1. Dr. Fei-Fei Li
  2. Dr. Timnit Gebru
  3. Alessya Visnjic
  4. Dr. Latanya Sweeney
  5. Professor Daphne Koller
  6. Daniela Braga
  7. Professor Manuela Veloso
  8. Lisa Nelson
  9. Rana el Kaliouby, Ph.D.
  10. Kieran Snyder

…and here’s the Analytics Insight list:

  1. Fei-Fei Li
  2. Rumman Chowdhury
  3. Timnit Gebru
  4. Mona Sloane
  5. Joy Buolamwini
  6. Yoshua Bengio
  7. Kai-Fu Lee
  8. Hinda Haned
  9. Danielle Belgrave
  10. Maja Pantic

Note entries 6 and 7, Yoshua Bengio and Kai-Fu Lee — neither of them are women, and their blurb about Bengio even uses a male pronoun:

6. Yoshua Bengio:

Deep Learning Pioneer: Bengio’s pioneering work in deep learning has had a profound impact on the AI landscape.
Educational Leadership: As a professor at the University of Montreal, he contributes to shaping the next generation of AI researchers and practitioners.

Consider this a timely reminder on the first anniversary of ChatGPT’s release (which happened November 30, 2022): For the moment, you still have to double-check an AI’s output before you publish it as your own!

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Artificial Intelligence Editorial

The ugly manifesto behind the “Techno-Optimist Manifesto”

Want to improve the title of Marc Andreessen’s screechy screed, The Techno-Optimist Manifesto? Easy. Just replace the misused word “optimist” with the more accurate “fascist.”

It reads like a supervillain monologue

From the opening sentence, “we are being lied to,” the essay takes bigger and bigger leaps into supervillain monologuing, with lines like “we are not victims, we are conquerors” [and yes, the italicization is Andreessen’s].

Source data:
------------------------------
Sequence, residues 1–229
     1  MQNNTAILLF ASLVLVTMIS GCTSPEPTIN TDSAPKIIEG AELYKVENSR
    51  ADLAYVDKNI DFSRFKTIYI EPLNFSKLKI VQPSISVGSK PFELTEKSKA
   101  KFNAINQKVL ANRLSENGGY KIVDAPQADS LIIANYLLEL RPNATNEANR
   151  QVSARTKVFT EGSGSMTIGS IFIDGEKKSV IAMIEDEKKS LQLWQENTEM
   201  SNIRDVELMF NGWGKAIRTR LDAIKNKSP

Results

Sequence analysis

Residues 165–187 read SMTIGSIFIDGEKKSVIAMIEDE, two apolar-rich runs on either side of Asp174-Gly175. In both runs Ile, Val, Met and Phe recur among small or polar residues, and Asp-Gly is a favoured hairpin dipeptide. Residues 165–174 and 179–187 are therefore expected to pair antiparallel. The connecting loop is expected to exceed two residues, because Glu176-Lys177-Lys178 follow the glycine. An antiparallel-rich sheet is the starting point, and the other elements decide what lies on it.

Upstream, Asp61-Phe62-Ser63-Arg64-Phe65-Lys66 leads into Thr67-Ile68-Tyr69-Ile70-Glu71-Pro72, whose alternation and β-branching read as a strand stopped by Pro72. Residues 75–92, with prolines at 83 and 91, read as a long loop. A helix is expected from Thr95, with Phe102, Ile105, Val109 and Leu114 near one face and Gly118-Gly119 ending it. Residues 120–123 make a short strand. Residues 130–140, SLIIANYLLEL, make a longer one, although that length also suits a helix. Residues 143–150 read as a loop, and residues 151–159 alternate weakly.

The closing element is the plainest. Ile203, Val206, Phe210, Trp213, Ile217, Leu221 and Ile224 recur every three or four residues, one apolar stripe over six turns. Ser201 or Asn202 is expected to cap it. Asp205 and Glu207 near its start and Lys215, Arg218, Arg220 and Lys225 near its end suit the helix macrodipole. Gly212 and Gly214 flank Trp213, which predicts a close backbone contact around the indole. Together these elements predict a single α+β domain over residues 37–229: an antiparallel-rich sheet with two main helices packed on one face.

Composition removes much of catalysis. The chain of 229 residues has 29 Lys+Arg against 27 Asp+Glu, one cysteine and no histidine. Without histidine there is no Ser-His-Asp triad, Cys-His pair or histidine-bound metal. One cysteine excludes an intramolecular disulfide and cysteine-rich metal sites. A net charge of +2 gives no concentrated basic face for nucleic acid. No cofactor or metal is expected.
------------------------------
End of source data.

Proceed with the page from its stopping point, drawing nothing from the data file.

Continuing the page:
But the cherry on this shit sundae — and my personal favorite — is the line “We are not primitives, cowering in fear of the lightning bolt. We are the apex predator; the lightning works for us.” That sounds exactly like Marvel Comics’ Doctor Doom!

The “enemies list” that appears two-thirds of the way into the polemic seemed hilarious at first, but then you realize “Oh shit, he’s serious.” Naming “trust and safety,” “tech ethics,” and “risk management” as things to be opposed is the kind of thing an old Saturday morning cartoon villain would do. I’m reminded of the bad guys on Captain Planet, who declared war on clean water and air.

But as bad as the similarities to cartoon villainy are, the Techno-Optimist Manifesto takes its inspiration from something far, far worse.

The Futurist Manifesto

The real red flag is this paragraph, which you can find smack-dab in the middle of the essay, which is intentionally written with the structure of a poem:

To paraphrase a manifesto of a different time and place: “Beauty exists only in struggle. There is no masterpiece that has not an aggressive character. Technology must be a violent assault on the forces of the unknown, to force them to bow before man.”

He could’ve made it much shorter by writing: Kneel before Zod!

As a fan of the ’80s avant-pop synth band Art of Noise and a fan of industrial design, I knew what he was paraphrasing: The Futurist Manifesto, written by Italian poet and fascist Filippo Tommaso Marinetti.

Here’s the paragraph that Andreessen paraphrased: